Unfortunately, Up in the Air resolves into an utterly prosaic, puff piece of a film. Much like its hero, it never plants its feet in one spot long enough to delve with any depth. Reitman’s sit-com dialogue style and cut-to-the-chase sense of dramatic shaping precludes that – for instance, Natalie’s romantic life, the reason why she accepted a job that’s beneath her in the first place, and its curtailing, is a sub-plot poorly set up and insubstantially explored. The deliberated attempts at anti-cliché feel contrived, like having Ryan do one of those “hero dashes away from place/event/person that encapsulates what's wrong with his life to chase after the thing/person that’s important to him” runners, only to get an emotional kick in the teeth (and, as in virtually any other variation on that scene, it’s an action weirdly lacking in consequence). This kind of smoke-and-mirrors dramaturgy, like the resolution in which, tragi-comically, Ryan’s life remains exactly as he had once liked it but now seems irrevocably spoilt, leaves the film bordering on pointlessness. Reitman has no capacity whatsoever to communicate the emotions of his characters through changing the tempo and compass of his filmmaking; instead, much of the last half-hour is taken up by musical montages to try and convey disaffection. The punch-line of Ryan and Alex’s relationship, whilst reasonably affecting, is crass in its goose-gander inversion and deflating purpose. Clooney, whilst smooth in his role, seems far too innately intelligent and soulful to play a man as shallow as Ryan’s supposed to be. Nonetheless, he, Farmiga, and Kendrick share a great chemistry that makes the middle portion of the film far more engaging than the project as a whole deserves, and some good character turns from the likes of J. K. Simmons help. And Sam Elliot’s in there; he doesn’t really get to do anything, but I’m always glad when Sam Elliott turns up.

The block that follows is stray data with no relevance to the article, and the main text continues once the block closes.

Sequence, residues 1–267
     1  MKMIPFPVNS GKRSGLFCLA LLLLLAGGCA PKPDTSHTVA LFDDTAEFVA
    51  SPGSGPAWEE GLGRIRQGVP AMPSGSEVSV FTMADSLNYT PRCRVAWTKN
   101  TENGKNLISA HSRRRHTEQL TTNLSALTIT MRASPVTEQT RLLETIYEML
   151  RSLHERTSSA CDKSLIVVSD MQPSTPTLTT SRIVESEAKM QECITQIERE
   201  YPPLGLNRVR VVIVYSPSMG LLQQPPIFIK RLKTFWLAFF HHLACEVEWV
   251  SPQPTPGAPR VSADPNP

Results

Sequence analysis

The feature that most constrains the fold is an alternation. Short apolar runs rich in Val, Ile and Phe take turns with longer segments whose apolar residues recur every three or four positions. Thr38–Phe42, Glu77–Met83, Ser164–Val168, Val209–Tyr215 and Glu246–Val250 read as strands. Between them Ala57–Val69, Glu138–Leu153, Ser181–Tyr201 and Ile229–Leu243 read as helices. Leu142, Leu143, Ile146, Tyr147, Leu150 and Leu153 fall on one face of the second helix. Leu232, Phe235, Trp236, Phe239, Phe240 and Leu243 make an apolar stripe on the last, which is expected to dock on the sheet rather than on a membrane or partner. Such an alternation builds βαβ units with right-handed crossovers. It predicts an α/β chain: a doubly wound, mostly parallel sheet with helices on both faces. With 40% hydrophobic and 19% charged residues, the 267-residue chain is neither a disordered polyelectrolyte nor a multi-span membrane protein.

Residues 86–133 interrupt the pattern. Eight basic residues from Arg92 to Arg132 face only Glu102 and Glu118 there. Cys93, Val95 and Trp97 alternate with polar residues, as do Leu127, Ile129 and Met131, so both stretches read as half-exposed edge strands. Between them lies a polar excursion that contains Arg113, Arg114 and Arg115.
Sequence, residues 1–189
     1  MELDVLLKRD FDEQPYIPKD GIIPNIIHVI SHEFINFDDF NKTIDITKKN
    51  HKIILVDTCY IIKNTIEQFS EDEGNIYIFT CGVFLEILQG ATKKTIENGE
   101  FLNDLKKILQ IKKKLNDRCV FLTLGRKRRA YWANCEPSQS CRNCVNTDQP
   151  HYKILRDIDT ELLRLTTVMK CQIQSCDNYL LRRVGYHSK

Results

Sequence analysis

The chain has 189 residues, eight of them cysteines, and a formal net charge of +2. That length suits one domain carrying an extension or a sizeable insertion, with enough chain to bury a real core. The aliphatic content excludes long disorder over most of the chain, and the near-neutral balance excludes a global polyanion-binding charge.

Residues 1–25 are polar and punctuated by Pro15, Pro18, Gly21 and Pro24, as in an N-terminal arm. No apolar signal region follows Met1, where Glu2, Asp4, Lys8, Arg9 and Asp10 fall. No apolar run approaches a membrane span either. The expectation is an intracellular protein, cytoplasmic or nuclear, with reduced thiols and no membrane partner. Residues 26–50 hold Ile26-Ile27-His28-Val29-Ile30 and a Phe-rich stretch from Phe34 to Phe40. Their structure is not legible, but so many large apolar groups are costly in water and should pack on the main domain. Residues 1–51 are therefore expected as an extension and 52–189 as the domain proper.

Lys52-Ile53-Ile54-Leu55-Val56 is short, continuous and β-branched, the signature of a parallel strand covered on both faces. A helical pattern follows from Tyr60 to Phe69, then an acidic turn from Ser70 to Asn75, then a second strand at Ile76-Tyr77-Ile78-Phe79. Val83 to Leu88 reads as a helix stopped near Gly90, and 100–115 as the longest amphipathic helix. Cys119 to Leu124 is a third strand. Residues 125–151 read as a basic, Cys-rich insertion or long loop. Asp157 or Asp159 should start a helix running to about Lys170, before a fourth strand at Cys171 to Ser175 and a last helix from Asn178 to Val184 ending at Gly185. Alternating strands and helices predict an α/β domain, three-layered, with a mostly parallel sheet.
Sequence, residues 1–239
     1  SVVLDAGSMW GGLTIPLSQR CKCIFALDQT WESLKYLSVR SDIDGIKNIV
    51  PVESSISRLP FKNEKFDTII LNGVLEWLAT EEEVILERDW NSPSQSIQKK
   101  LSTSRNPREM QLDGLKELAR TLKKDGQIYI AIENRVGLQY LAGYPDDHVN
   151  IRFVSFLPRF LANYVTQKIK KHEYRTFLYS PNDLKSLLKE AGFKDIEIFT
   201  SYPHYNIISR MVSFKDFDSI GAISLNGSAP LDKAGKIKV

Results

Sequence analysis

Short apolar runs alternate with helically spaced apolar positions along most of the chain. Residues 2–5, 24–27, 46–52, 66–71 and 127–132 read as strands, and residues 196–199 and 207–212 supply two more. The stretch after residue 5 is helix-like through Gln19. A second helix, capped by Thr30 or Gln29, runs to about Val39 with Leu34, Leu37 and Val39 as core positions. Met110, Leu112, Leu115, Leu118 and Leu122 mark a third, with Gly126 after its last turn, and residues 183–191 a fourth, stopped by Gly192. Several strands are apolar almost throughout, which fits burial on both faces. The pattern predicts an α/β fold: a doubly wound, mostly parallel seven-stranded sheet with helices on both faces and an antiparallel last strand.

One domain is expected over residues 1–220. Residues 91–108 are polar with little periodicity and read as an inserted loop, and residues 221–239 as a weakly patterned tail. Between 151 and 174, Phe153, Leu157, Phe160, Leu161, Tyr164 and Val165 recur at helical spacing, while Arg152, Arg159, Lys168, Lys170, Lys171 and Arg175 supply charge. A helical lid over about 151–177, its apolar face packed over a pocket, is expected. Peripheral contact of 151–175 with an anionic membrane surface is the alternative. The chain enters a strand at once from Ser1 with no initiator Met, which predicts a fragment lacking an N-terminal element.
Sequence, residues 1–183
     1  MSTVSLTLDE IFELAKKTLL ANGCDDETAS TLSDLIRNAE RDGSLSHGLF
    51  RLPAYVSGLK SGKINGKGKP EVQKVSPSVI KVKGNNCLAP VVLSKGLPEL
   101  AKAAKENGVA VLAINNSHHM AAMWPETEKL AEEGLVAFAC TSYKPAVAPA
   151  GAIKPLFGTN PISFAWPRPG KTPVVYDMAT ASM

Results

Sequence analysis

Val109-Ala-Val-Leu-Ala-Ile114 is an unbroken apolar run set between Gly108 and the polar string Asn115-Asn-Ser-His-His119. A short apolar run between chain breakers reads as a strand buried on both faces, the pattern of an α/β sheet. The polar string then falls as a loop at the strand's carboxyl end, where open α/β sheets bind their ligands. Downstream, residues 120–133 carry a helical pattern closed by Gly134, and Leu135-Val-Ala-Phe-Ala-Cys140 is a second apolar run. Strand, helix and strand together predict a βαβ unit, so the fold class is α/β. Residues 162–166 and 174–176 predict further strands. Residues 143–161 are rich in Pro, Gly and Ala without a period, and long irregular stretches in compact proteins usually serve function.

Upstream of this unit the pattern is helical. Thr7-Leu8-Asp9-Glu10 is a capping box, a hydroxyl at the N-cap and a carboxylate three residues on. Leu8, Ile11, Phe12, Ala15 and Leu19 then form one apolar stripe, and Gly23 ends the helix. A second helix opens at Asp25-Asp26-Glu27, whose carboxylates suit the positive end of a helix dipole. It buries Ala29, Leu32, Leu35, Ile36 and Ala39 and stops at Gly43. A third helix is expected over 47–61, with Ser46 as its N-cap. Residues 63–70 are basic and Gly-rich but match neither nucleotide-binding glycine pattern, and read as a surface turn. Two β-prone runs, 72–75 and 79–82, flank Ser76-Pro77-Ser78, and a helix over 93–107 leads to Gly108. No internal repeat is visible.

Worse yet, the film, for all its lip service to the horrors of dissociating business from humanity, has little time for its theoretical relevance: in terms of where the story leads, Ryan and Natalie’s job could be almost any fill-in-the-blank obnoxious corporate stuff, and the consequences of what they do, evinced by the suicide of one person they’ve dismissed, is bizarrely, smugly laid aside, as part of a character’s coming of age. The film cumulatively has absolutely nothing to say about modern life other than the homiest bromides: family is important, shit occasionally happens, learn to move on. Reitman offers up interviews of people who have actually been through the experience of being downsized, interspersed amongst the dramatic scenes to give his film the illusory substance of something to say about coping with such travails, but what’s actually going on in the flesh of the drama is readily familiar from other films, as recent as In Good Company and as old as The Apartment. Whilst the film mimics courage in saying that sad things are just part of the scheme of life, Reitman has no actual outrage, sorrow or engagement with the world he portrays: he’s safe in Hollywoodland. The cumulative effect is a movie that disturbingly embodies rather than critiques the alienation of professionals.